Editor’s Note: In a memo released August 18, the Justice Department instructed Bureau of Prisons officials to end or “substantially reduce” all of its contracts with private-prison operators, according to The Washington Post. While state-level private prisons have received significant media scrutiny, Seth Freed Wessler’s investigation into the federal facilities—which are used exclusively for noncitizen inmates—offers a rare examination into the willful neglect that Yates’s memo acknowledges and seeks to finally end. Read the full series here.
From the roof of the mess hall, two prison guards at the Adams County Correctional Center watched in astonishment as dozens of protesting prisoners kicked and pulled at the gates below. Deborah Temple was working her regular shift at the sprawling Mississippi prison, but Catlin Carithers, 24, a member of the emergency-response team, had been called in when the protests began. Now, as the shouting below grew louder, Carithers handed Temple a gas canister and showed her how to use it.
Suddenly, dozens of inmates burst through the fence. Others commandeered a ladder and climbed to another roof in the compound. An order crackled over the radio: Deploy the gas. Carithers heaved a canister into the yard. “That is when all hell broke loose,” Temple says.
The prisoners who’d occupied the roof took two guards hostage. Men in the yard below wrapped shirts around their faces and lobbed a gas canister back up at Carithers. One inmate called a local television station, saying, “We’re trying to get better food, medical, programs, clothes, and we’re trying to get some respect.”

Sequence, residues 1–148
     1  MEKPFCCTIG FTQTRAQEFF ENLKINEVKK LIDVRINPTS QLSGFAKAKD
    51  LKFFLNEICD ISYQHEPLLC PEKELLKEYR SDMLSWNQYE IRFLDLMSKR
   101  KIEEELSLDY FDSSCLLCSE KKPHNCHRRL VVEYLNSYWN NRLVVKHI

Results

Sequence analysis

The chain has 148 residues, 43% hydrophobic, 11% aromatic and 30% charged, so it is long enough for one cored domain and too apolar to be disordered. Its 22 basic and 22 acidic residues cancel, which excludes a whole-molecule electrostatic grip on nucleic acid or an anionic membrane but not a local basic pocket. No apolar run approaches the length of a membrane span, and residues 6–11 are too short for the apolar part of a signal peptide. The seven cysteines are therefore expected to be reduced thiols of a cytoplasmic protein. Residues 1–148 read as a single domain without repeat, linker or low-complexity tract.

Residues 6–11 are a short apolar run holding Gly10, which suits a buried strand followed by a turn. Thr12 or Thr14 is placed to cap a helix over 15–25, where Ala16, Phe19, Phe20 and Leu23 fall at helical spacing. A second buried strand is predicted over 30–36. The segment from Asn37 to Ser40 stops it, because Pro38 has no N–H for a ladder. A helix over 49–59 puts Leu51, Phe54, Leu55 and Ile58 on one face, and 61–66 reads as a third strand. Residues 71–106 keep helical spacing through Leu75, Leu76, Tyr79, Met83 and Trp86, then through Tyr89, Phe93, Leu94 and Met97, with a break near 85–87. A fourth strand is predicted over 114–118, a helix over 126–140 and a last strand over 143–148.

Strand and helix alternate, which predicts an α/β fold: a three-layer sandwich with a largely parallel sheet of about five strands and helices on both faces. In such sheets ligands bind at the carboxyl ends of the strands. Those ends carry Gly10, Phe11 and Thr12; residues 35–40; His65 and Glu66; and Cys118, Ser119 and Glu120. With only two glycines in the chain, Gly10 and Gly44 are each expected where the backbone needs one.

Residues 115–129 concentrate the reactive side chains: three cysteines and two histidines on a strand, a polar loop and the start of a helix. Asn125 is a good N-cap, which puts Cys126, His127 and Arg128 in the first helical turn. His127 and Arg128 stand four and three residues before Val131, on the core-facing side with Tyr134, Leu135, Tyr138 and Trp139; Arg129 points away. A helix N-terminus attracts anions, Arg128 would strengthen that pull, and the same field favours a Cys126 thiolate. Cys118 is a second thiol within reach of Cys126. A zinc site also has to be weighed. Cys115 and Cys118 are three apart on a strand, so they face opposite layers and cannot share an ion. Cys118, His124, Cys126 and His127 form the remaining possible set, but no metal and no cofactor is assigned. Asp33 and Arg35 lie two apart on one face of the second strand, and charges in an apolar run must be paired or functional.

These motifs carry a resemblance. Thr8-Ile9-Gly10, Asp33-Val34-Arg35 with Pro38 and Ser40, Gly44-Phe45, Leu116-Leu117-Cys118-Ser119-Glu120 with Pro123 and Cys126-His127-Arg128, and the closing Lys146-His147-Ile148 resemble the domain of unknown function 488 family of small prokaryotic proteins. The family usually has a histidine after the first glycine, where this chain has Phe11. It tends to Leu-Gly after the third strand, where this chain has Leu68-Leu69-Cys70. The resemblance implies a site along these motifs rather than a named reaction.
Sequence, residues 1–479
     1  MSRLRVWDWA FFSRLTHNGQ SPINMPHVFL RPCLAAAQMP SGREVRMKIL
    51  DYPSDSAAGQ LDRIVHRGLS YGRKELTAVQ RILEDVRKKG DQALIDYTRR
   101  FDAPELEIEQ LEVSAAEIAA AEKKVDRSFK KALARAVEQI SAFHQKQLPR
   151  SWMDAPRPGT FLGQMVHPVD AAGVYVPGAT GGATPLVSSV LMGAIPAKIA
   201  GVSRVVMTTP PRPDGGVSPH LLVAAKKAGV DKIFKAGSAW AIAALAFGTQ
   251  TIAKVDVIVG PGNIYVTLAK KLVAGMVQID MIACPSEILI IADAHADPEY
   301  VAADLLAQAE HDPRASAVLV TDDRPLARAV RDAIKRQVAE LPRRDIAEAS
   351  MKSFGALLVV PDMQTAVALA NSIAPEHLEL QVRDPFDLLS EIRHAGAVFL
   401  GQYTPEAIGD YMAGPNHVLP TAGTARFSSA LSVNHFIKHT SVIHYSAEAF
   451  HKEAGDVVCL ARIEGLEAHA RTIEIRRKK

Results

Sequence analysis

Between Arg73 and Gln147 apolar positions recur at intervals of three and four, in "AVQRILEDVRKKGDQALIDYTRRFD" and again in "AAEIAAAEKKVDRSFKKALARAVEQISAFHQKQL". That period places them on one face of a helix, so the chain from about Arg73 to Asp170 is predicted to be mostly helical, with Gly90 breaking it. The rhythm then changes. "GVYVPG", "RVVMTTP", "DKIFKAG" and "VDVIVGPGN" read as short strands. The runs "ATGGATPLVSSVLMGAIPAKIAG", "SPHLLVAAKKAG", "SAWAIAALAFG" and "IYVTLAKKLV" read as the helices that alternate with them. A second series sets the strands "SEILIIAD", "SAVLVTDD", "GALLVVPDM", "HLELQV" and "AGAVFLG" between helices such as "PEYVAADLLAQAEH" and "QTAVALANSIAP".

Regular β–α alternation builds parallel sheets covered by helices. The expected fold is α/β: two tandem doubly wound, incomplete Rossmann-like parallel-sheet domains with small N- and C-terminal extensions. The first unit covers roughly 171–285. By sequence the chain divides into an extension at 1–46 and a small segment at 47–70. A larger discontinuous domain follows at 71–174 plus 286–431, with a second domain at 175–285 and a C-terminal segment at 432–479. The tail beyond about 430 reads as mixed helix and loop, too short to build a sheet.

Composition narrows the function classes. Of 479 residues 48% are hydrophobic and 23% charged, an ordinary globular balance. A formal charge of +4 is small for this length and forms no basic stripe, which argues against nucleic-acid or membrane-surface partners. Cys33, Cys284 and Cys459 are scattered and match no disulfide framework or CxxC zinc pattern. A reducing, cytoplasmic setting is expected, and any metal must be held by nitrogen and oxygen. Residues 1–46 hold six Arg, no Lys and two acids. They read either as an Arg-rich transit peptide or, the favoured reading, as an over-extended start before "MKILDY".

They were screaming in Spanish, which neither Carithers nor Temple could understand. Several were hoisting themselves onto the roof where the officers stood. The last thing Temple remembers before receiving a blow to her head was an inmate she knew from the mess hall saying, “Sergeant Temple, if you tell them to give us what we want, nothing will happen.” When she came to, the tear gas was thick. She could hear helicopters. She turned her head and saw Carithers lying prone a few yards away.
Temple was transported to a nearby hospital; she was one of 20 people injured that day in May 2012. At the hospital, a friend delivered the news: Carithers was dead. Temple sobbed. He was young enough to have been her son.
Three years later, Carithers’s parents, Brenda and Hugh, visited their son’s grave, in a cemetery behind the family’s church on a dirt road in Jefferson County. Brenda swept away dried leaves as Hugh rested his hand on the gravestone. “The prison,” Hugh said. “They knew something was going on there.”
The Adams County Correctional Center is a 2,500-bed federal prison, but the Federal Bureau of Prisons doesn’t run it. Adams is owned and operated by the Corrections Corporation of America, the country’s largest private-prison company, and it’s one of 12 private-prison facilities the BOP uses almost exclusively to hold noncitizens convicted of federal crimes. A third of these prisons are run by CCA.